Fairgrounds project draws fire
Published 7:11 pm Saturday, July 3, 2010
Mamie Arrowood likes to sit on her porch on nice evenings, but her enjoyment of it has been somewhat hampered lately.
The first house in the long-awaited Fairgrounds subdivision is rising from the ground next to Arrowood’s home on Cedar Street, where she has lived for 30 years. She and some other Hall Place residents are not happy about it.
“I didn’t buy my house in Fairgrounds, I bought my house in Hall Place,” Arrowood said from her porch on a recent evening. “It’s going to affect my property value, affect my yard and everything else.”
The Fairgrounds, a revitalization effort off East Washington Street and Hall Avenue in downtown, has been in the works for about 10 years. City officials hope the public investment will bring increased private development along the corridor — a wish that is already coming true. The project will include 36 single-family residences.
Of particular concern to Arrowood and others, however, is that plans call for three homes to be built between Arrowood’s home and Cedar’s intersection with Hall Avenue. They say there isn’t enough room to cram three lots in less than 140 feet of frontage.
“If they built two … that wouldn’t bother me one bit,” Arrowood said. “I’m not happy with three of them going there.”
Community members recently had a meeting with Deputy City Manager Patrick Roberts and Planning Director Scott Mills to discuss their concerns. City Manager Selena Cuffee-Glenn sent a follow-up letter to Hall Place resident Sandra Parker, where Cuffee-Glenn wrote that Associated Contracting Services, Inc. is contractually obligated to build three houses on the Cedar Street lots.
The three homes, Cuffee-Glenn added, have been in Fairgrounds plans since 2006, a statement confirmed by plans, dated that year, supplied by the city. The only change, the city manager continued, was the addition of the Health and Human Services building in 2008. That project was constructed and opened last year.
Arrowood and Parker, however, say they had an understanding with former project manager Jeryl Phillips, who no longer works for the city.
“She said she saw where we were coming from,” Parker said.
According to city officials, though, the third house was never removed from the plans, and they say it’s too late now.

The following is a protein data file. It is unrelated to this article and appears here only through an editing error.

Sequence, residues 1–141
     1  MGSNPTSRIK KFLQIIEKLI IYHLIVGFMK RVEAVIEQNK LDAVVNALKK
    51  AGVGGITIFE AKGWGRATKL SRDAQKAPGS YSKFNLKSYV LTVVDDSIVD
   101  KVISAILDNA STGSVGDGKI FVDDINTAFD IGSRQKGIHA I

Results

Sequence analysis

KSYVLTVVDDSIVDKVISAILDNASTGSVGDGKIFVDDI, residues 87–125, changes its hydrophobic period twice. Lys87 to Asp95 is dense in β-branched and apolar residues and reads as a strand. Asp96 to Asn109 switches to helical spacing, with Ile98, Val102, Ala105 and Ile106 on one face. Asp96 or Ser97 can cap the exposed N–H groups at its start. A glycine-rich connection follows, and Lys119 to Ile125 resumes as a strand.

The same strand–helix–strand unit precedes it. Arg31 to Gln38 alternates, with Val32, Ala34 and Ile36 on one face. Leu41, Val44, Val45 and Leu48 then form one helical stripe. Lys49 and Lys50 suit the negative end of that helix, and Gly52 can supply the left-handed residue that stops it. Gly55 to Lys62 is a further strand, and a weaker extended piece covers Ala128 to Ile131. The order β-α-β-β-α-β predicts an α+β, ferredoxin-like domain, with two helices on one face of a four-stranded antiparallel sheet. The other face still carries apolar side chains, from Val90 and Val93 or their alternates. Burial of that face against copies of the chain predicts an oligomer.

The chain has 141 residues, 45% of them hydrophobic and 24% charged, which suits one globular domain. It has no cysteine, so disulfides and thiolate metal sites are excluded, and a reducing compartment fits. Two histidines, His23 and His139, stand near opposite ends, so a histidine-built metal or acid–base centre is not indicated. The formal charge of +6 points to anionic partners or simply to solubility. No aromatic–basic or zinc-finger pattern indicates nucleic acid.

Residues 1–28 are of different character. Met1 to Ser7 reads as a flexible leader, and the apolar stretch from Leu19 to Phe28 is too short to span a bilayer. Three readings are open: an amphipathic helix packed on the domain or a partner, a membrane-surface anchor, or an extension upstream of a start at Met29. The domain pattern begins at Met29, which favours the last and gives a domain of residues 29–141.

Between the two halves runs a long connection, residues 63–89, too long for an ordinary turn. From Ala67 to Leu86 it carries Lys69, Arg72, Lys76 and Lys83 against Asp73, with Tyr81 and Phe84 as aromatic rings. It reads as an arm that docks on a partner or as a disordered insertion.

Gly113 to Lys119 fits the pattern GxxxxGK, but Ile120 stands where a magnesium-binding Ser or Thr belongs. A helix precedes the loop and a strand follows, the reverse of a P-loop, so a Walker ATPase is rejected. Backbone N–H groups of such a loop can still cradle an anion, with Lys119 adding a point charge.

The three lots will be far deeper than they are wide, which Mills says is common in the Hall Place neighborhood. Arrowood’s home is only one foot from its property line on the side of the house currently under construction, which she says will provide no room for her new neighbor to landscape the yard after the driveway is paved.
“Just a plain yard and a dumb driveway, that’s what you’ve got,” she said.
Parking also is a concern in front of the new lots. A sign presently orders no parking between Arrowood’s home and the stop sign at Hall Avenue.
“If they have company, where is the company going to park?” asked Elizabeth Bernard, another Hall Place resident.
Parker and Arrowood say they have not attended any public hearings on the Fairgrounds plans because they knew of none.
“There has been much public input on this project from day one,” Mills said recently. A committee of community members provided initial input on the project, and several public hearings have been held over the years.
Just this year, three opportunities for comment related to the Fairgrounds have occurred in public meetings. The Planning Commission considered a preliminary subdivision plat for the development at its March 16 meeting, at which it invited public comment. The next day, City Council held a public hearing on the conveyance of the land to Associated Contracting Services, Inc. The Planning Commission also held a public hearing on April 20 for a street vacation request for part of the development. Gary Haste, a representative of ACS, was the lone speaker at each public hearing.
“I wasn’t aware of any public hearings,” Parker said. “If any committee members had heard of any, we would have been there.”
“This has been an open public process,” said Bob Goumas, comprehensive planning manager.
The city’s insistence that it doesn’t have a choice now is no comfort to community members.
“If you put three houses there, it’s just going to sandwich them in,” Parker said.
Arrowood is equally dismayed.
“I just lost my husband,” she said. “He went away from here thinking there would be two houses built there.”